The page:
The Hoblets of Wiccam Fensboro has goblins protecting hobbits from an occupation of orcs. According to the afterword, the story is based on the Italians experience dealing with the occupation of the Third Reich in the Second World War. So I guess that makes for Italian goblins, Jewish hobbits, and Nazi orcs. The individual characterization is done well here – Bextor is an amusing and unlikely hero – but this was a story that didn’t make too much of an impression.

RATING:   6/10

I’m a sucker for stories about friendships, and Opera Vita Aeterna, the last story of the bunch, is ultimately about friendship. On the one hand we have a humble monk, and on the other a possibly unsouled, sort of murderous, definitely sorcerous elf, seeking God in the shelter of a monastery. The elves in Selenoth are more icy than ethereal, and are off-putting enough they give every scene they are in a bit of an edge. While that was certainly the case here, I would have liked to have spent more time with these two. The structure is kind of crazy, jumping through time decades at a time, then centuries, but somehow it all works. This is a faith-centered story that is heartbreaking, beautiful, and truly inspired.

RATING: 10/10

Read The Last Witchking because you heard of the controversy surrounding that aforementioned Hugo nomination, or because you enjoyed some of the other tales from the A Throne of Bones.

Or maybe just because of the title.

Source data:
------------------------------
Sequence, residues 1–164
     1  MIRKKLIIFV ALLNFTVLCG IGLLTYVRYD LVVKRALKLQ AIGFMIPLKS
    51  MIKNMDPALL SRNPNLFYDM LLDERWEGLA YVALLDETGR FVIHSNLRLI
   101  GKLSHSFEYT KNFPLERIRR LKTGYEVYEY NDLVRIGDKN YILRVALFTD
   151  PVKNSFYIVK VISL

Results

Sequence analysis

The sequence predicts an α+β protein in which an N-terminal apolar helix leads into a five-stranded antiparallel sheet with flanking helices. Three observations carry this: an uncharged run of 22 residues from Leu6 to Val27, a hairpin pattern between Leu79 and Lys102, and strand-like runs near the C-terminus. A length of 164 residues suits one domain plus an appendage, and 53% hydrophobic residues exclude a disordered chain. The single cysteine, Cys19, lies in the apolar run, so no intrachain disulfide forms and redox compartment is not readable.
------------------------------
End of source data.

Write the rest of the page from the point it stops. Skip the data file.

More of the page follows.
6 Comments
  • Mike Tuggle says:

    Yes, yes, and yes. The title story is one of the few in my collection I can re-read with new discoveries each time.

    I’d give Hoblets a stronger rating. Bextor is a fascinating character verging on anti-hero status.

    Overall, an excellent volume.

  • Boogeyman says:

    I’m hoping to see hoblets in the next book. It would be interesting to see how Christian imperial subjects, as well as others, interact with Jewish haflings.

  • Jeffro says:

    I had the exact same reaction to the opening scene. I agree that it’s well worth it to keep going as the twists and turns of the story are highly entertaining. I want him to succeed because he’s a likeable protagonist even as he goes wrong… but it’s also satisfying to see him get his comeuppance at the end.

  • Sensei says:

    I agree with Mike that Hoblets deserves a better rating.
    But I never thought of them as hobbits. Hoblet = little hob, as in hobgoblin hob. I seem to recall the author saying they were not meant to be hobbits as well.

    • Scooter says:

      You’re probably right. I struggled with a rating as I couldn’t identify why I wasn’t as invested in the outcome of the story.

      The reference to hobbits was a typo.

  • Astrosorcorer says:

    I enjoyed “Last Witchking” quite a bit. The young boy discovers he has a secret heritage, a magical one, and goes off to the magical castle. Then what is done with that classic opening is great. Vox actually had me hoping that the kid would still turn out OK, somehow. I would have liked to have had more, and maybe some wrap-up after the end. Solidly written, with the sole complaint that I wanted more.